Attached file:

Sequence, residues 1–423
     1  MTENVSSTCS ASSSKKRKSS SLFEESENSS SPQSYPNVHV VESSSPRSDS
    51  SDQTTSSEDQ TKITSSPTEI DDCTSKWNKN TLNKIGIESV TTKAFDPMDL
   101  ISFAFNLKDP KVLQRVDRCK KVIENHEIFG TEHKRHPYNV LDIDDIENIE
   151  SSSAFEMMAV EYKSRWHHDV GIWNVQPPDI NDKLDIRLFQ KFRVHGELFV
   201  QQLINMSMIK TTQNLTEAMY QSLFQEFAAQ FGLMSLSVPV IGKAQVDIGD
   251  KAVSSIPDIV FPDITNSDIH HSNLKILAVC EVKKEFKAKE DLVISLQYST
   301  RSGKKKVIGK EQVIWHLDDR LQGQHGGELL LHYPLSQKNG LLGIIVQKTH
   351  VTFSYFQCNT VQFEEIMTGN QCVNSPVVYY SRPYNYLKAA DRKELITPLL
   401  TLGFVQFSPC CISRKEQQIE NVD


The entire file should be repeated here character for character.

Sequence, residues 1–423
     1  MTENVSSTCS ASSSKKRKSS SLFEESENSS SPQSYPNVHV VESSSPRSDS
    51  SDQTTSSEDQ TKITSSPTEI DDCTSKWNKN TLNKIGIESV TTKAFDPMDL
   101  ISFAFNLKDP KVLQRVDRCK KVIENHEIFG TEHKRHPYNV LDIDDIENIE
   151  SSSAFEMMAV EYKSRWHHDV GIWNVQPPDI NDKLDIRLFQ KFRVHGELFV
   201  QQLINMSMIK TTQNLTEAMY QSLFQEFAAQ FGLMSLSVPV IGKAQVDIGD
   251  KAVSSIPDIV FPDITNSDIH HSNLKILAVC EVKKEFKAKE DLVISLQYST
   301  RSGKKKVIGK EQVIWHLDDR LQGQHGGELL LHYPLSQKNG LLGIIVQKTH
   351  VTFSYFQCNT VQFEEIMTGN QCVNSPVVYY SRPYNYLKAA DRKELITPLL
   401  TLGFVQFSPC CISRKEQQIE NVD